LEGO The Lord of the Rings

Like LEGO? Like Lord of the Rings? Like finding a bunch of collectables? This is the game for you.

It's been a fairly light couple of months for me and gaming. I've been going strong with a series of videos in GTA V, but I haven't had a huge amount of time for anything besides work (hence why my blog hasn't been updated). As a result, I am currently sitting on a backlog of close to 40 games that I simply haven't got round to playing yet. Several are a part of Microsoft's Games with Gold promotion, and the rest are games I've missed out on over the last console generation and have been on sale, usually for less than £5 each.

But anyway. LEGO The Lord of the Rings. Yep, it's a kids game. But I've played just about every LEGO video game there is and I wasn't about to stop with this one. It's actually not that bad.

With respects to the look of the game - it's kinda blocky. But that's to be expected from a LEGO game. One thing I am slightly disappointed with is the lack of LEGO models that are used as a background. More often than not, huge amounts of the environment are rendered like normal in any other video game, and the presence of a LEGO objects immediately tells you that you have to interact with them. In that sense, it's almost too easy; break the blocks and build the object - but, as I must keep reminding myself, it is a kids' game.

My biggest issue with the game is the choice the developers made to include lines from the movies as spoken dialogue. In my opinion, part of the charm of older LEGO games was the lack of voice the characters had and the physicality of them. It just feels a bit like a rip off. The music is taken from the Lord of the Rings films, but this generally works due to the broad association with it. I do find myself increasingly playing the game on mute and watching a film or listening to a podcast at the same time, since the audio is not the strongest part of the game.

What is the strongest however is the gameplay. To progress through the 18 mission, you have to solve a series of puzzles consisting of LEGO bricks, using the different abilities of the characters (Frodo can light up dark places, Sam has a spade, etc). These are all fairly simple to do, as it is a kids game, but occasionally I would forget what different characters do, especially once the Fellowship is formed, and there are 9 characters on screen. To get around this, there are unlockable items that can be found in the levels and crafted from a toolbox that every character has, so if you have it unlocked, you don't have to spend ages cycling through all the characters.

The game world itself is very impressive. It forms a scaled down version of Middle Earth, and it is entirely possible to walk from Hobbiton, right into Mordor. In between there are scaled versions of locales you will recognise from the films, like Rivendell and Helm's Deep. There's also a load more quests and puzzles to solve if you haven't had your fix from the main story missions. The only disappointing this is the lack of LEGO environments.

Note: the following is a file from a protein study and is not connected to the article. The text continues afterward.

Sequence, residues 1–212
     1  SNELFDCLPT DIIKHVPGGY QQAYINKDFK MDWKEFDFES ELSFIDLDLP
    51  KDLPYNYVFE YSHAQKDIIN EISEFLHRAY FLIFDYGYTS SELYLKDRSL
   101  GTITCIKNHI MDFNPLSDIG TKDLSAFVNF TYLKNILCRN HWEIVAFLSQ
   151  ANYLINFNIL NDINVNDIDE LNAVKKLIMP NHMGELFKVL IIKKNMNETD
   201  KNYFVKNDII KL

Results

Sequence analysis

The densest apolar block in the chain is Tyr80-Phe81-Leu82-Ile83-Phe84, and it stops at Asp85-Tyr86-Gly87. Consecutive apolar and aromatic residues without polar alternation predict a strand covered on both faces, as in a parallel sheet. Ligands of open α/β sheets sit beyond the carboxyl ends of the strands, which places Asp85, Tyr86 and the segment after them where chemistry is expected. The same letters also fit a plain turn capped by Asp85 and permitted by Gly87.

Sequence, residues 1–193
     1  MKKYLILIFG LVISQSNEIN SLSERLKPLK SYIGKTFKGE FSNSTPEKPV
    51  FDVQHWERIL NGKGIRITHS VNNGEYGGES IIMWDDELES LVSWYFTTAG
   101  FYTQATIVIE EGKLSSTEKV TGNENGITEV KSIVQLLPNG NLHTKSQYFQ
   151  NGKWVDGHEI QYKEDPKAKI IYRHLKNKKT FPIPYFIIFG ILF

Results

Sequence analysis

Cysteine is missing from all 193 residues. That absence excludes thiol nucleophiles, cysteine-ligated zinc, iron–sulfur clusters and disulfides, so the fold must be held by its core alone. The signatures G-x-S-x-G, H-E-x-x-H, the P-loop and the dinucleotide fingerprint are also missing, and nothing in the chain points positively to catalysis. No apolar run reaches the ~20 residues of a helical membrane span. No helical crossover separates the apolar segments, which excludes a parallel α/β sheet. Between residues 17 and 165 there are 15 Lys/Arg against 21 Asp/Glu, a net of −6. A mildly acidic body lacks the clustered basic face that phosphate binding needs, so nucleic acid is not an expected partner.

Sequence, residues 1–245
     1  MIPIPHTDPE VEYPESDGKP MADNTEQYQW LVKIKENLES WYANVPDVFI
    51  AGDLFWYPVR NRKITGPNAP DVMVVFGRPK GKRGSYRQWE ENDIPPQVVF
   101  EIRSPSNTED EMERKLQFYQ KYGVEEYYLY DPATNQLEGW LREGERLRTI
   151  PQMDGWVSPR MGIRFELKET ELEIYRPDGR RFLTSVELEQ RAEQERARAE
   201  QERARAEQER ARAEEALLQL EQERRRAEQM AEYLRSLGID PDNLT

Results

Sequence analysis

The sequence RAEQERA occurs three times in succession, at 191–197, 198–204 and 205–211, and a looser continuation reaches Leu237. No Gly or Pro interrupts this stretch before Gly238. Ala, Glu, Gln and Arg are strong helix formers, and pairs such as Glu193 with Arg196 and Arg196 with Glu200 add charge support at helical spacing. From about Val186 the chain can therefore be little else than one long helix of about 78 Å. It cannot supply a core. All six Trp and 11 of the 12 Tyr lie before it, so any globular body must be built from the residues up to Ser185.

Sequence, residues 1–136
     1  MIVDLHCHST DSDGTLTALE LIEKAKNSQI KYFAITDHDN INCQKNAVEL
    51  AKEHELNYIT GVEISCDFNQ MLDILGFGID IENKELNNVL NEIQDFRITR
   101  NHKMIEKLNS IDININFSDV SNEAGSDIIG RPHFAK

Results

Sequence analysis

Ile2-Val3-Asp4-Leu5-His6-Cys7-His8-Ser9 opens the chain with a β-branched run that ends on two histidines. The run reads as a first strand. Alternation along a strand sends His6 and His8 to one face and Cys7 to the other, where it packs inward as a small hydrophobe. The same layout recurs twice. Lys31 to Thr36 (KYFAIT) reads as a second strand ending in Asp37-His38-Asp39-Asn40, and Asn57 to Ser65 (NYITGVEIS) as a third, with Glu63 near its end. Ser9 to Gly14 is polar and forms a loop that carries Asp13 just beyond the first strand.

As with most LEGO games, there are a huge number of collectables. Most of them involve solving a puzzle to get them, but there are a few hiding in plain sight. Anyone who is familiar with LEGO games will know that you have to collect MiniKits, hidden in each level. In addition, there are Mythril bricks that form the basis of crafting in the game, and act as an indication of completion (250 means you've unlocked pretty much everything). Neither are particularly difficult to find, especially when you unlock a detector for each of them, which conveniently adds an arrow to guide you to where they can be found.

Achievement are as you would expect from a LEGO game. One for completing each story mission, complete all of the various tasks needed to get 100%, and a few relating to stuff from the films (like simply walking into Mordor). Generally all pretty easy to get, just time consuming and a bit boring.

Overall, LEGO The Lord of the Rings does a good job of retelling the story of Peter Jackson's film in LEGO form. It's quite a good game, however if you have played several LEGO games before, as I have, you will find yourself doing a lot of the same stuff again. Personally, I feel it was a mistake to include dialogue, but it is a minor issue as I rarely played the game with the audio on. If you're a Lord of the Rings fan, looking for a quick game to get some gamerscore in, or you have young children, this game will keep you entertained for several hours. It's nothing new, nothing hardcore, but a solid game in the LEGO franchise.